About the Wind, Snow, and Seismic Load Calculator
What are Wind Loads?
Wind loads are an important consideration in structural engineering, as they can have a significant impact on the design and safety of a structure. Understanding and properly accounting for wind loads is essential for ensuring the structural integrity of a building or other structure.
Wind loads are caused by the movement of air and can be influenced by various factors, including the speed and direction of the wind, the shape, and size of the structure, and the surrounding terrain. These loads can be either static, meaning that they are constant over time, or dynamic, meaning that they change over time. In addition, wind loads vary depending on a structure's location and climate region.
Structural engineers use various methods to calculate wind loads, including wind tunnel testing, computer simulations, and empirical data. These methods allow engineers to predict the wind loads that a structure will experience and design it accordingly.
Wind loads are often also referred to as Wind Pressures. These pressures act over the surface area of a structure, such as a wall or roof. This distribution of pressure over an area means we can calculate the equivalent wind load force that can be used for structural design calculations.
Engineers must consider the wind loads that a structure will experience in different directions and at different heights. This is particularly important for tall structures, such as skyscrapers, which are more susceptible to wind loads due to their height.
What are Snow Loads?
Snow loads are caused by the accumulation of snow on a structure and can vary greatly depending on the location and climate. In areas with heavy snowfall, the snow load on a structure can be quite significant and must be taken into account during the design process.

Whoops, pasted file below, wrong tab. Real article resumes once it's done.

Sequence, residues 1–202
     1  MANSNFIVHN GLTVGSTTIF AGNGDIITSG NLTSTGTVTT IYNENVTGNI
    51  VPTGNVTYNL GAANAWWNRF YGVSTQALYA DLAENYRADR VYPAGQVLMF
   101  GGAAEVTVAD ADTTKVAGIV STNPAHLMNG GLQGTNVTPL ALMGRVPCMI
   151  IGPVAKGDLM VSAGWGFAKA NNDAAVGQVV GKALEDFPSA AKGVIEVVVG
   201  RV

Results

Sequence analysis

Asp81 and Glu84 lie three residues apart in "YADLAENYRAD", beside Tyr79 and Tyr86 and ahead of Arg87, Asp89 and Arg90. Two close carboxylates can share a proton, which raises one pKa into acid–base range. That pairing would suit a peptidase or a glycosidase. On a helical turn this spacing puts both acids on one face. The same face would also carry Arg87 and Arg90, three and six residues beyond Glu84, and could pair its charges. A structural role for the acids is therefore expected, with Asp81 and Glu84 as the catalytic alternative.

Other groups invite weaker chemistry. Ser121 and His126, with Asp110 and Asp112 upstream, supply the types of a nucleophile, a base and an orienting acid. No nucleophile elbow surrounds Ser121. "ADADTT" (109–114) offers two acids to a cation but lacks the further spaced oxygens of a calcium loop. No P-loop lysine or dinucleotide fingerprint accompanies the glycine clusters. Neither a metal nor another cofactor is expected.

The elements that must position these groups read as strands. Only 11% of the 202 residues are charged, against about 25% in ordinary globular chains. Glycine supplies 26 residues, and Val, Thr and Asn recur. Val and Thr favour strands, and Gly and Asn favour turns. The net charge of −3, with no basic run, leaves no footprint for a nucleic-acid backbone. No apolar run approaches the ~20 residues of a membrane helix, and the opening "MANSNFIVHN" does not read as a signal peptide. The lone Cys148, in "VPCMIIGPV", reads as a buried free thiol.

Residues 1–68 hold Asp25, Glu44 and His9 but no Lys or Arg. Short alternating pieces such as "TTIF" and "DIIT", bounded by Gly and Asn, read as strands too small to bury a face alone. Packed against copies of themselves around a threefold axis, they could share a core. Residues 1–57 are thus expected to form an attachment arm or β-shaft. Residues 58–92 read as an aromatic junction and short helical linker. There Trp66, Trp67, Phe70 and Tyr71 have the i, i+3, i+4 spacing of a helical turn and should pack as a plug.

Snow loads are particularly important for structures with sloped roofs, as the snow load can vary significantly depending on the slope of the roof.
To mitigate the effects of snow loads, structures can be designed with certain features, such as snow guards and heated gutters. These features can help to reduce the impact of snow loads on a structure and increase its stability.
What are Seismic Loads?
Seismic loads, also known as earthquake loads, are a critical consideration in structural engineering, as they can have a significant impact on the design and safety of a structure.
Seismic loads are caused by the ground motion during an earthquake and can vary greatly depending on the location and magnitude of the earthquake. In areas with a high risk of earthquakes, the seismic loads on a structure can be quite significant and must be taken into account during the design process.
Tall structures, such as skyscrapers, are more susceptible to seismic loads due to their height.
To mitigate the effects of seismic loads, structures can be designed with certain features, such as base isolation systems and energy dissipation systems.
In addition to designing a structure to withstand earthquake loads, it is also important to consider the maintenance and upkeep of the structure. This includes regularly inspecting and maintaining the structure to ensure that it is in good condition and can withstand any future potential earthquake loads.
About the Calculator
Adding to SkyCiv's already list of free tools, is the Wind Load and Snow Load Calculator for ASCE 7-10/ ASCE 7-16 / ASCE7-22, EN 1991 (wind and snow), NBCC 2015 (wind and snow), NBCC 2020 (wind and seismic) AS/NZS 1170, IS 875-3 (wind), NSCP 2015 (wind and seismic), CTE DB SE-AE (wind), and CFE Viento. This easy to use calculator will display the wind speed and ground snow load by location via a wind speed and snow load map as prescribed by the above building codes. The software also allows you to add more information about your building in order to determine the required wind and snow pressures to be applied.
There are some limitations to the free version, it will allow you to get the local wind speed for 3 searches a day, and a number of building type pressures.